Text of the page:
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Big engine mounts, 50% tests

June 21, 2003 Notes

June 21, 2003 Notes

 

Big Engine Mounts

 

We debated the exact engine mounting strategy for the big vehicle for some time, but we settled on a simple solution that wastes a bit of weight, but works out conveniently.  The initial test flights will be with 5.5” diameter engines with 2” diameter throats, but the final engines will be much larger.  We built mounting plates that clamp to the bottom of the tank manway flange on the inside, and are supported by two ¾” thick studs on the outside.  To attach to the tank, we cut ¾” coupling nuts at an angle, and welded them to 3” by 3” squares of perforated metal.  These squares will be bonded to the tank with epoxy / chopped glass fiber.  The engines will be canted with angled shims above the mounting plate, just like the smaller vehicle.

 

http://media.armadilloaerospace.com/2003_06_21/base.jpg

 

I learned some lessons machining the mounting plates.  Since I had to make four of them (and will probably have to make more when we crash the vehicle…), I wanted to let the CNC program run completely automated, which meant no tool changes on our mill.  I was a little surprised when the 0.5” and 0.75” diameter holes bored with a 3/8” end mill came out distinctly non-circular.  Tool deflection was a bigger issue than I expected – none of the previous parts I had made actually required tight tolerances like that.  I wound up having to cut the holes in two passes and at a very slow rate, but in the end it did work out exactly how I wanted, where I could just clamp a plate on the mill, start the program, and come back to a finished plate.  I am going to buy a bunch pf short, stubby end mills to minimize deflection for hole milling in the future, but bringing the spindle down to right over the plate does make work piece clamping more difficult.

 

 

More 50% Firings

 

We learned a lot, but we don’t have a solid solution yet.

 

We received another 2” thick, 6” square block of impregnated ceramic catalyst from CPI, as well as a 4” thick block, and an uncoated 2” thick block.  It was fairly easy to rough-cut the block to cylindrical shape with a band saw, then get it to final shape on a bench grinder.  We saved the scraps for various tests.

 

We got a new supply of nitric acid for catalyst cleaning, so we tried to clean the catalyst we had been using for the earlier tests.  Even after significant soaks at fairly high concentrations, it never regained the activity that the brand new catalyst displayed.  At the time, we thought there might be some poisoning that the nitric wasn’t removing, but based on later tests, we now think that there is a degree of mechanical stripping of active catalyst.

 

We found a local supplier of 50% concentration food grade peroxide, and purchased a drum.  In drum quantities, food grade was $1/lb, compared to $0.50/lb for technical grade.  We are still looking for a supplier of semiconductor grade at 50% concentration.  I finally got around to ordering a TDS (total dissolved solids) meter for testing peroxide, so I will report some numbers next week.

 

To test the poisoning of the catalysts, we took two chips of the catalyst and let them each soak in 100 ml of 50% peroxide, one technical grade, the other food grade.  They both caused lots of bubbling, but the food grade sample cooked all the peroxide off faster.  We then placed them in another 100 ml each, and the difference grew more pronounced.  On initial immersion, the temperature of the food grade sample was higher, and when we checked on it again an hour later, the food grade sample was reduced to completely still water, while the technical grade sample was still slowly foaming away with some peroxide left to decompose.  We removed the samples and did eye dropper tests of fresh food grade peroxide on both, which showed the one that had been immersed in technical grade to be noticeably slower to react.  They both still catalyze immediately, but the technical grade sample isn’t nearly as vigorous.  We should have contrasted it with a completely fresh chip of catalyst, but we didn’t think about it at the time.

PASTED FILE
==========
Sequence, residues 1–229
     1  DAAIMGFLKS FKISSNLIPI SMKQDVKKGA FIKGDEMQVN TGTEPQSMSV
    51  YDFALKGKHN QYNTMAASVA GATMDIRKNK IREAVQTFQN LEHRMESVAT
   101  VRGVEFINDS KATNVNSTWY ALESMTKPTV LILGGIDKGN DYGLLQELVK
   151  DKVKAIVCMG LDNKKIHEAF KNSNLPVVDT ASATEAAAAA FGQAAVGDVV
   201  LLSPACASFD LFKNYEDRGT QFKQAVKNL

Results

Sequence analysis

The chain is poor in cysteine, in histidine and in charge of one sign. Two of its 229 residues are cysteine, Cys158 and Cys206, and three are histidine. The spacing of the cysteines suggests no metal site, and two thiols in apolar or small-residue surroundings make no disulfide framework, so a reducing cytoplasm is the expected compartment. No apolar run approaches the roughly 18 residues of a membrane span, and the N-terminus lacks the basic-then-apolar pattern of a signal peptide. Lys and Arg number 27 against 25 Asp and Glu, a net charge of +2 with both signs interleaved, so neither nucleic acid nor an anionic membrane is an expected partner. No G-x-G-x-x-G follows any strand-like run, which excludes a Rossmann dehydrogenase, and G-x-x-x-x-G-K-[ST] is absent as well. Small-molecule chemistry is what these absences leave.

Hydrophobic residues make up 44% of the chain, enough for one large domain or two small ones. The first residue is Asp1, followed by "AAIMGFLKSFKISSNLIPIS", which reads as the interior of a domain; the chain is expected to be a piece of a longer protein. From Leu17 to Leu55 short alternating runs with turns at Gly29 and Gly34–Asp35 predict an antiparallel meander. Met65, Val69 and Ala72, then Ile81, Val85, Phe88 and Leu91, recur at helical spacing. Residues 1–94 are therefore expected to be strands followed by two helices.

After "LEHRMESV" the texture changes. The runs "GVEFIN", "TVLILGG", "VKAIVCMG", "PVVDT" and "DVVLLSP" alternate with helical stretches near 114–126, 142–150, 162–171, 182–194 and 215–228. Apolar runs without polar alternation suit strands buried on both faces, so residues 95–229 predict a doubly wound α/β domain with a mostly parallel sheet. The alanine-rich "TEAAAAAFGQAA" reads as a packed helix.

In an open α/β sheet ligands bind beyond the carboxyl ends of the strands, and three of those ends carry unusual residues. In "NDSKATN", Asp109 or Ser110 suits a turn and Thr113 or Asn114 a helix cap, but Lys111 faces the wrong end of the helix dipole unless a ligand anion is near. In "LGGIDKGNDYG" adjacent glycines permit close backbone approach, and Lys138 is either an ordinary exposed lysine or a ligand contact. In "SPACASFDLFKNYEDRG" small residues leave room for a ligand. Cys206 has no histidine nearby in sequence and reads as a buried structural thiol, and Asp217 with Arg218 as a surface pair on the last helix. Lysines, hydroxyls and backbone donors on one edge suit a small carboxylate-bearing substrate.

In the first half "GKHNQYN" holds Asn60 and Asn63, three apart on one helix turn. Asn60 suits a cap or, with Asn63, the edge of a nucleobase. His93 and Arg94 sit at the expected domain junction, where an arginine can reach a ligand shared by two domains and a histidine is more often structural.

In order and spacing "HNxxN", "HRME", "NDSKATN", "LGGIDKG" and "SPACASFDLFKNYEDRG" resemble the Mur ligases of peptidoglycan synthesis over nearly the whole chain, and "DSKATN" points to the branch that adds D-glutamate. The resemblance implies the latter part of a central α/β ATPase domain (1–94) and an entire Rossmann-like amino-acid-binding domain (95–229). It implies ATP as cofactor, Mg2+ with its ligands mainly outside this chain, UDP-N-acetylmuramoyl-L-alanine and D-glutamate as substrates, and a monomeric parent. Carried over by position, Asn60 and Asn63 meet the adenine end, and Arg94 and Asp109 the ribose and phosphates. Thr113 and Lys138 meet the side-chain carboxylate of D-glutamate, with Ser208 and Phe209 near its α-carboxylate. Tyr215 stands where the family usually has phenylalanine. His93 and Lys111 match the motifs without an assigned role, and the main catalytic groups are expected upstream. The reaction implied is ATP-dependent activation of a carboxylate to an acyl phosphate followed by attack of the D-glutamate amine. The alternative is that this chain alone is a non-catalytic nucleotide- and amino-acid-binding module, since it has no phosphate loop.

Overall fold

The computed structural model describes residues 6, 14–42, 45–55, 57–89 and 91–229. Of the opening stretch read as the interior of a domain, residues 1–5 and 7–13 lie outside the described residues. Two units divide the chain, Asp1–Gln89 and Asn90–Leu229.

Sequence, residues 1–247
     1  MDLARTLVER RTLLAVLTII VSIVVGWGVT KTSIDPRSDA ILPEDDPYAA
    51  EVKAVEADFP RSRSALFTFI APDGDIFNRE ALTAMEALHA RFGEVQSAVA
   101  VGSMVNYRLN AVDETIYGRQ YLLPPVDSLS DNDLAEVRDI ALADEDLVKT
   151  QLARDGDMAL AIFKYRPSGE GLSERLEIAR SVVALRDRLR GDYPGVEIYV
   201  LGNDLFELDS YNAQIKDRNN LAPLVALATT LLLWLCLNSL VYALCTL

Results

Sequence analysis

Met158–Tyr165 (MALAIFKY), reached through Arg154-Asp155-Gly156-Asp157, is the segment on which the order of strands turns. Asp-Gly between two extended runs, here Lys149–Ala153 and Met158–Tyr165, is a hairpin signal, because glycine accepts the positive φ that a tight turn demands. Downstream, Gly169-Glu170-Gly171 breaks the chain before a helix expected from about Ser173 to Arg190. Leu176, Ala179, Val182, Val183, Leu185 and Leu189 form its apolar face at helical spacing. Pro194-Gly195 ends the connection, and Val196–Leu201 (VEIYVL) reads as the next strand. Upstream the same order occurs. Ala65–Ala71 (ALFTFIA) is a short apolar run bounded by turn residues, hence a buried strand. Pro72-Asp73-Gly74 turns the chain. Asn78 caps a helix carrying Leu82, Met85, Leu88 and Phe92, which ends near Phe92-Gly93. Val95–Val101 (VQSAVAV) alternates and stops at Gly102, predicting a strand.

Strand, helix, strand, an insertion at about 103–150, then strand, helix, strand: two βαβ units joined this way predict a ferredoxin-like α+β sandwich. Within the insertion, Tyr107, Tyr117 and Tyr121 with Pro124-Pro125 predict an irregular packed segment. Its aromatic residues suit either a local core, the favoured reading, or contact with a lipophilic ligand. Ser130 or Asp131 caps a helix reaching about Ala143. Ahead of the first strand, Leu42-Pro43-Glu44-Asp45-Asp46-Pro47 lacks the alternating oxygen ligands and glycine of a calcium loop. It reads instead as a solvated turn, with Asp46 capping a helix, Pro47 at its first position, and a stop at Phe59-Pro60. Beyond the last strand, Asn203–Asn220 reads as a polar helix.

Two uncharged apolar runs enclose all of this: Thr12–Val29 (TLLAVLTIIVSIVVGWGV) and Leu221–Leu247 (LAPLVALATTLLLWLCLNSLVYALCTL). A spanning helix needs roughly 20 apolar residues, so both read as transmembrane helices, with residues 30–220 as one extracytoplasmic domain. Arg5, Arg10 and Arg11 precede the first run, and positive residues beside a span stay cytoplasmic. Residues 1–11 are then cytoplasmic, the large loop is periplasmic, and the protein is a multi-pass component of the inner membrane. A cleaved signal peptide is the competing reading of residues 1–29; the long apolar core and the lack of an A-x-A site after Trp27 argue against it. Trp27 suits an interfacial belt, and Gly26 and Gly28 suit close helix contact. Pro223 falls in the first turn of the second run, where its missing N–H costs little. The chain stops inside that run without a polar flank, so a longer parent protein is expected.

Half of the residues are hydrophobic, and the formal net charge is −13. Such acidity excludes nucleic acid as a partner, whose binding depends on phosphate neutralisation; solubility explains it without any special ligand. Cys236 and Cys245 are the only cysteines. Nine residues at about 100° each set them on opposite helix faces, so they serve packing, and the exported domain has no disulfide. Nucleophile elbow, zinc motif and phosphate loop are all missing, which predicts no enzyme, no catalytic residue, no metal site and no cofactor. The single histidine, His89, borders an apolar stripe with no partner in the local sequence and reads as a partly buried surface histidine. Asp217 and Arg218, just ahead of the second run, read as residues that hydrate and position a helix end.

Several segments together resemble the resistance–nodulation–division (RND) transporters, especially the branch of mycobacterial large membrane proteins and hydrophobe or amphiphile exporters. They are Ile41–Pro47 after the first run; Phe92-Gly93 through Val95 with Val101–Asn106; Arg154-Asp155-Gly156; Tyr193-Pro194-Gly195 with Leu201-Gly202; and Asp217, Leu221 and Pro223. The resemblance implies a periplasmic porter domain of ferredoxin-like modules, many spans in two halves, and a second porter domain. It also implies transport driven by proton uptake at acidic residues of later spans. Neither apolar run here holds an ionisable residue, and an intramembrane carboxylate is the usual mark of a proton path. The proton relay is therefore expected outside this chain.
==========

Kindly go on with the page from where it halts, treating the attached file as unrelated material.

We fabricated a big combustion chamber to sit between the catalyst and the nozzle, in hopes that extra volume would get a more consistent performance, and also to give us an extra half inch to put inert screens between the spreading plate and the catalyst.  After all of our tests, we are now of the opinion that post-catalyst combustion volume is of no value with this combination.  In the few references we have seen to 50% peroxide work, it is mentioned that the reaction is not self-sustaining without the presence of a catalyst, which would also argue against the value of post-catalyst space.

 

http://media.armadilloaerospace.com/2003_06_21chamber.jpg

 

We added 16 inert stainless screens above the catalyst to fill out the space.  All of our test firings were very smooth today, even with no explicit metering orifice to provide an injector pressure drop, which is visible as the thrust curves dropping linearly with tank pressure.  This was a large difference from the incredible chuffing that we had on our first successful tests, but we aren’t sure if it is just because of the higher flow rates, or because of the inert screens at the top of the pack.

 

We had some crud on the top flange, so we had a leak there on most of our tests.  It may be a permanent gouge, so we will probably use a copper gasket for the next test.

 

These firings were much louder than normal monoprop firings in the 100 – 200 lbf range, but the Isp only calculated out to be in the 80-100 range, which is a little puzzling. There may be a core of high velocity gasses, with a jacket of unreacted, low velocity gasses bringing down the Isp.  In theory, the Isp should be around 150 even at very low chamber pressure.  We aren’t expecting any good Isp until the burn stays cloud-free the entire time, but the noise level was unexpected for the low performance.